# Language for planning problems

## Presentation on theme: "Language for planning problems"— Presentation transcript:

Language for planning problems
STRIPS: STanford Research Institute Problem Solver world described by logical conditions state as conjunction of positive literals propositional; e.g., Happy ^ Hungry to represent the state of the agent first-order ground and function-free terms; e.g., At(Plane1, Verona) ^ At(Plane2,Malpensa) closed-world assumption; i.e., any not mentioned condition is false goal is a partially specified state a state satisfies a goal if contains all the literals of the goal e.g. state At(Plane1, Verona) ^ At(Plane2,Malpensa) satisfies goal At(Plane2,Malpensa)

STRIPS actions (contd.)
Tidily arranged actions descriptions, restricted language Action schema: ACTION: specifies name and parameter list Buy(x) PRECONDITION: conjunction of positive literals At(p) ^ Sells(p, x) EFFECT: conjunction of literals (positive or negative) Have(x) [Note: no information on how to execute the action!] A complete set of STRIPS operators can be translated into a set of successor-state axioms

Example: Air cargo transport
predicates In(·, ·),At(·, ·) type predicates: Cargo(·), Plane(·),Airport(·) Start At(C1, SFO) ^ At(C2, JFK) ^ At(P1, SFO) ^ At(P2, JFK) ^ Cargo(C1) ^ Cargo(C2) ^ Plane(P1) ^ Plane(P2) ^ Airport(JFK) ^ Airport(SFO) Goal At(C1, JFK) ^ At(C2, SFO) Actions Load(c, p, a) Unload(c, p, a) Fly(p, from, to)

Example: Air cargo transport
predicates In(·, ·),At(·, ·) type predicates: Cargo(·), Plane(·),Airport(·) Start At(C1, SFO) ^ At(C2, JFK) ^ At(P1, SFO) ^ At(P2, JFK) ^ Cargo(C1) ^ Cargo(C2) ^ Plane(P1) ^ Plane(P2) ^ Airport(JFK) ^ Airport(SFO) Goal At(C1, JFK) ^ At(C2, SFO) Actions Load(c, p, a) Unload(c, p, a) Fly(p, from, to)

Example: Air cargo transport
Actions Load(c, p, a) PRE: At(c, a) ^ At(p, a) ^ Cargo(c) ^ Plane(p) ^ Airport(a) EFF: ¬At(c, a) ^ In(c, p) Unload(c, p, a) PRE: In(c, p) ^ At(p, a) ^ Cargo(c) ^ Plane(p) ^ Airport(a) EFF: At(c, a) ^ ¬In(c, p) Fly(p, from, to) PRE: At(p, from) ^ Plane(p) ^ Airport(from) ^ Airport(to) EFF: ¬At(p, from) ^ At(p, to)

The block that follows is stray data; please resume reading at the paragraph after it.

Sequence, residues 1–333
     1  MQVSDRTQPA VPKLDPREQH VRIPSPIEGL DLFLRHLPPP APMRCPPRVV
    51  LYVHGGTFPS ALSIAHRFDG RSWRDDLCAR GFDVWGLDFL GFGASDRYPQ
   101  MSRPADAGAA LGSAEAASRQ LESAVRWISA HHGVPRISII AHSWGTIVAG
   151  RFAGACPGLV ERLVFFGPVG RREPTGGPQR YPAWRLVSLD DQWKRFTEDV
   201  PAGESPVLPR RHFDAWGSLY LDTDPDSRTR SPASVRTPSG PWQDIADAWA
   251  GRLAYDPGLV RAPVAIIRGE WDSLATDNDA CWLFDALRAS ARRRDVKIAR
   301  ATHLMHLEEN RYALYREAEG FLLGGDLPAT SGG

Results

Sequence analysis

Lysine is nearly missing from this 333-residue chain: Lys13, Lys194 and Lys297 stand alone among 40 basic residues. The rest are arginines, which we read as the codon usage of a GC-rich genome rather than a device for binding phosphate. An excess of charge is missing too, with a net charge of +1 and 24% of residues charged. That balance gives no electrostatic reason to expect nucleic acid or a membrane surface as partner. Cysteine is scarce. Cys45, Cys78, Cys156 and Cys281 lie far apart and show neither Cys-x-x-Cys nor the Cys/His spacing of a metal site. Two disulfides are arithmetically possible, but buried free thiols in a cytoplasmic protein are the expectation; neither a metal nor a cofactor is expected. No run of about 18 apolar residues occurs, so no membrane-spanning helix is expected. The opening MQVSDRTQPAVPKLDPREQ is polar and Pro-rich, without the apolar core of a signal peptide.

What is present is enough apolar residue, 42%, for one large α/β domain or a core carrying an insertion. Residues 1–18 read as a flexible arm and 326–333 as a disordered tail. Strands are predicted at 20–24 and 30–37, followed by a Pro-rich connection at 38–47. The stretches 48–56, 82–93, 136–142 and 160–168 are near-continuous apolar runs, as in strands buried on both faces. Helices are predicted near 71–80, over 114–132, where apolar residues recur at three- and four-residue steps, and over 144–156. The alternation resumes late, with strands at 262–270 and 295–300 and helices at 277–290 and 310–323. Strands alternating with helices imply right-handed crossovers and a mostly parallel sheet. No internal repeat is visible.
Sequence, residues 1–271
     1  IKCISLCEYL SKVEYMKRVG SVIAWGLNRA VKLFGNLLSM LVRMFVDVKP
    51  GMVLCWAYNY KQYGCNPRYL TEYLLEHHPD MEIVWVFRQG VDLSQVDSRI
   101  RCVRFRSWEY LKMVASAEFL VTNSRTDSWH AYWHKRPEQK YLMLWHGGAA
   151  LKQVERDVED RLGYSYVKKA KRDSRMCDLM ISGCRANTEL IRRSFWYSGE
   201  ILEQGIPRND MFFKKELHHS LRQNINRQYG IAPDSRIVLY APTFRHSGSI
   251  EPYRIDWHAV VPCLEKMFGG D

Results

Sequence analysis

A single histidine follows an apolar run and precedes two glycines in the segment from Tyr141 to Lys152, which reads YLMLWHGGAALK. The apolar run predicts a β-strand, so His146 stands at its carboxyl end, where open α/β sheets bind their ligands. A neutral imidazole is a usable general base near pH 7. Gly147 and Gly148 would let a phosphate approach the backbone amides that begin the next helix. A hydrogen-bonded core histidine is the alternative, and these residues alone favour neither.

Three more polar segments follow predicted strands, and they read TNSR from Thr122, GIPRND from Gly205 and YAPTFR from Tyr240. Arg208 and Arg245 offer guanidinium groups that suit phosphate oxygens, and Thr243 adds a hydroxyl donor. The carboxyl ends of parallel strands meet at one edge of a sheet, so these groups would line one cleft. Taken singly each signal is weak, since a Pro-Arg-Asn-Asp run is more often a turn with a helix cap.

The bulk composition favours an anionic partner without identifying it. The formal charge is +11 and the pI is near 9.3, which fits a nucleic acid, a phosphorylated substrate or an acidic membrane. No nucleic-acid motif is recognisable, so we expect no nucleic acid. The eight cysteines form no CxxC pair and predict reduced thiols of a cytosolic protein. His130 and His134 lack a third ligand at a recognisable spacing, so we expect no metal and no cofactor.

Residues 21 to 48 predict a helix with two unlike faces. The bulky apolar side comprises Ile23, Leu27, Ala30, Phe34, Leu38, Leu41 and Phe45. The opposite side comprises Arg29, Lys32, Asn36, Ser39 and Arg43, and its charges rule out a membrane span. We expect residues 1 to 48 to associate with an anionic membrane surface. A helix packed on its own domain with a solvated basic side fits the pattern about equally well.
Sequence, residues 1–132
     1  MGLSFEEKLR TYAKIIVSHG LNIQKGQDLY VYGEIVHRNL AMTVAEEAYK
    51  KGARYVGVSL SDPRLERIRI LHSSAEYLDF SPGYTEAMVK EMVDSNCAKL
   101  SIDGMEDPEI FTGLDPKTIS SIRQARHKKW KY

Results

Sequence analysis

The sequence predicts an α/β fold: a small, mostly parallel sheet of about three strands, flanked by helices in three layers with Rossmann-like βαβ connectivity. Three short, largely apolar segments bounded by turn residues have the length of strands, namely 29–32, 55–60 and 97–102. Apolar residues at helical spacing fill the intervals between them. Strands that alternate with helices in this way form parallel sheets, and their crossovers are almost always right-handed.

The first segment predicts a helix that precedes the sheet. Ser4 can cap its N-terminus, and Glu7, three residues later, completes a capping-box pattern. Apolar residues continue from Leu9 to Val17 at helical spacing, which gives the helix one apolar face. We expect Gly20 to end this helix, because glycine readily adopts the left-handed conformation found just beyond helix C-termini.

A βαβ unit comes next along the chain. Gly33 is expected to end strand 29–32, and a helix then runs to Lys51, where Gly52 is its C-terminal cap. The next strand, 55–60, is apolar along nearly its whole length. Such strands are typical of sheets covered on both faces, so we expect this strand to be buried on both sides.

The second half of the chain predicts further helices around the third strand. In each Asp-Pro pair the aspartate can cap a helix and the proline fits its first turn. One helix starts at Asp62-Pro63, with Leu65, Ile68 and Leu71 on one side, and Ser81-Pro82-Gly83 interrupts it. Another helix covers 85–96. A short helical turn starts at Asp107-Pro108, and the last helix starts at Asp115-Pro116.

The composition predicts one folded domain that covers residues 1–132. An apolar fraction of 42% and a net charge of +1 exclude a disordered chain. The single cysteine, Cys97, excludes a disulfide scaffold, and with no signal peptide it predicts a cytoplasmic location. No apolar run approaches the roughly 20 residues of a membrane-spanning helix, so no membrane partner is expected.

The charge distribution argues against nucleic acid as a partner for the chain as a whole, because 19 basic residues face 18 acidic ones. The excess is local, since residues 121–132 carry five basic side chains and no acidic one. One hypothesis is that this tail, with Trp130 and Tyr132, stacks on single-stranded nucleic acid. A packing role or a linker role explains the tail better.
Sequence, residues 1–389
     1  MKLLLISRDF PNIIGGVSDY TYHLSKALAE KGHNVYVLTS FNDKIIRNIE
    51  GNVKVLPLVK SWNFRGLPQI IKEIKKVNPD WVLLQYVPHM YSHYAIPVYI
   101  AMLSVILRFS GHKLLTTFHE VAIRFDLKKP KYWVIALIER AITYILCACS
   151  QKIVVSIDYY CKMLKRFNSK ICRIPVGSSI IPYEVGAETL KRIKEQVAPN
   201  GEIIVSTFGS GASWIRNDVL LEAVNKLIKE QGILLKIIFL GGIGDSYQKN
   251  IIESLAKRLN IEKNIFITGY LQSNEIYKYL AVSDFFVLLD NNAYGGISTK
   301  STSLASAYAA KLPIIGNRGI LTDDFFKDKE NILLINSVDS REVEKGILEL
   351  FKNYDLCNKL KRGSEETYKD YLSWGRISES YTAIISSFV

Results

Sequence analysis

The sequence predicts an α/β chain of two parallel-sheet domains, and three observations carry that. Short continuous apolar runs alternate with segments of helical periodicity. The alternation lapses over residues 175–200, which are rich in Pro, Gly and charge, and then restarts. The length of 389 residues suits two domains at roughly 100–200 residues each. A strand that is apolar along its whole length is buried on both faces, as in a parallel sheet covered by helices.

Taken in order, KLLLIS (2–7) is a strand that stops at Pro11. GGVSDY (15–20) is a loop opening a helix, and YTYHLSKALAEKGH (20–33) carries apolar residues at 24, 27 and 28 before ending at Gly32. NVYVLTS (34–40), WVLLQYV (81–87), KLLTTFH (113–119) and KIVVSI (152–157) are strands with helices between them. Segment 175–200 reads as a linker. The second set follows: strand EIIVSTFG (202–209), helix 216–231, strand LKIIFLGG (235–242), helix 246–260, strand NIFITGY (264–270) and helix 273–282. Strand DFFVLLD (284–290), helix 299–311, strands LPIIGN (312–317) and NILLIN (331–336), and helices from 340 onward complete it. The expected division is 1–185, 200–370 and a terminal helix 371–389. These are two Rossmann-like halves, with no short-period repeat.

Example: Air cargo transport (contd.)

STRIPS Planning STRIPS planning problem: State-space search
find a sequence of actions that lead to a goal states and goals are defined by a conjunctions of literals State-space search Forward search (goal progression) from the initial state try to reach the goal Backward search (goal regression) from the goal and try to project it to the initial state Plan-space search partial-order planning (POP) search the space of partially build plans

State-space search planning problem defines the search problem
initial state is the start state goal test checks whether state satisfies the goal actions define the operators step cost is usually 1 (a) forward or (b) backward search

Forward search main search loop
select an action and unify precondition with the state if precondition is satisfied, apply the action generating a new state check whether the new state satisfies the goal

Forward search with the Shopping Example
Start At(Home) ^ Sells(SM,Milk) ^ Sells(SM,Banana) ^ Sells(HWS,Drill)^Loc(Home)^Loc(SM)^Loc(HWS) Buy(x) PRE: At(store), Sells(store, x) EFF: Have(x) Go(x, y) PRE: At(x),Loc(y) EFF: At(y),¬At(x) Goal Have(Milk) ^ Have(Banana) ^ Have(Drill)

Forward search main search loop
select an action and unify precondition with the state if precondition is satisfied, apply the action generating a new state check whether the new state satisfies the goal state space is finite -> complete for complete search algorithms inefficient because of irrelevant actions -- needs good heuristics

Backward search idea: select relevant actions only starting from the goal action is relevant when it achieves one of the conjuncts (add-list) consistent when doesn’t undo any desired literal (delete-list) select a relevant and consistent action and generate new state 1. delete add-list 2. add preconditions terminates with a state satisfied by the initial state branching on relevant and consistent states

Backward search with the Shopping Example
Start At(Home) ^ Sells(SM,Milk) ^ Sells(SM,Banana) ^ Sells(HWS,Drill)^Loc(Home)^Loc(SM)^Loc(HWS) Buy(x) PRE: At(store), Sells(store, x) EFF: Have(x) Go(x, y) PRE: At(x),Loc(y) EFF: At(y),¬At(x) Goal Have(Milk) ^ Have(Banana) ^ Have(Drill)

State-space vs. plan-space
forward and backward search explore linear sequences of actions this is not necessary consider the solution for the air cargo transport Load(C1, P1, SFO), Fly(P1, SFO, JFK),Unload(C1, P1, JFK), Load(C2, P2, JFK), Fly(P2, JFK, SFO),Unload(C2, P2, SFO) the only required ordering is among Load, Fly and Unload connected by causal effects; e.g., Load(C1, P1, SFO) achieve In(C1,P1), used by the precondition of Unload there’s no need to put Load(C2, P2, JFK) after Unload(C1, P1, JFK) partial-order plan: graph of actions including Start and Finish

Example

Partially ordered plans
Partially ordered collection of steps with Start step has the initial state description as its effect Finish step has the goal description as its precondition causal links from outcome of one step to precondition of another temporal ordering between pairs of steps Open condition = precondition of a step not yet causally linked plan is complete iff every precondition is achieved precondition is achieved iff it is the effect of an earlier step and no possibly intervening step undoes it (conflict) plans cannot contain cycles

Define the Start State and the Goal State

Define the Start State and the Goal State
On(A,Table), On(B,Table), On(C,B), Clear(A), Clear(C) End On(A,B), On(B,C), On(C,Table)

Define the Actions

Use either forward or backward search to build the plan for this problem.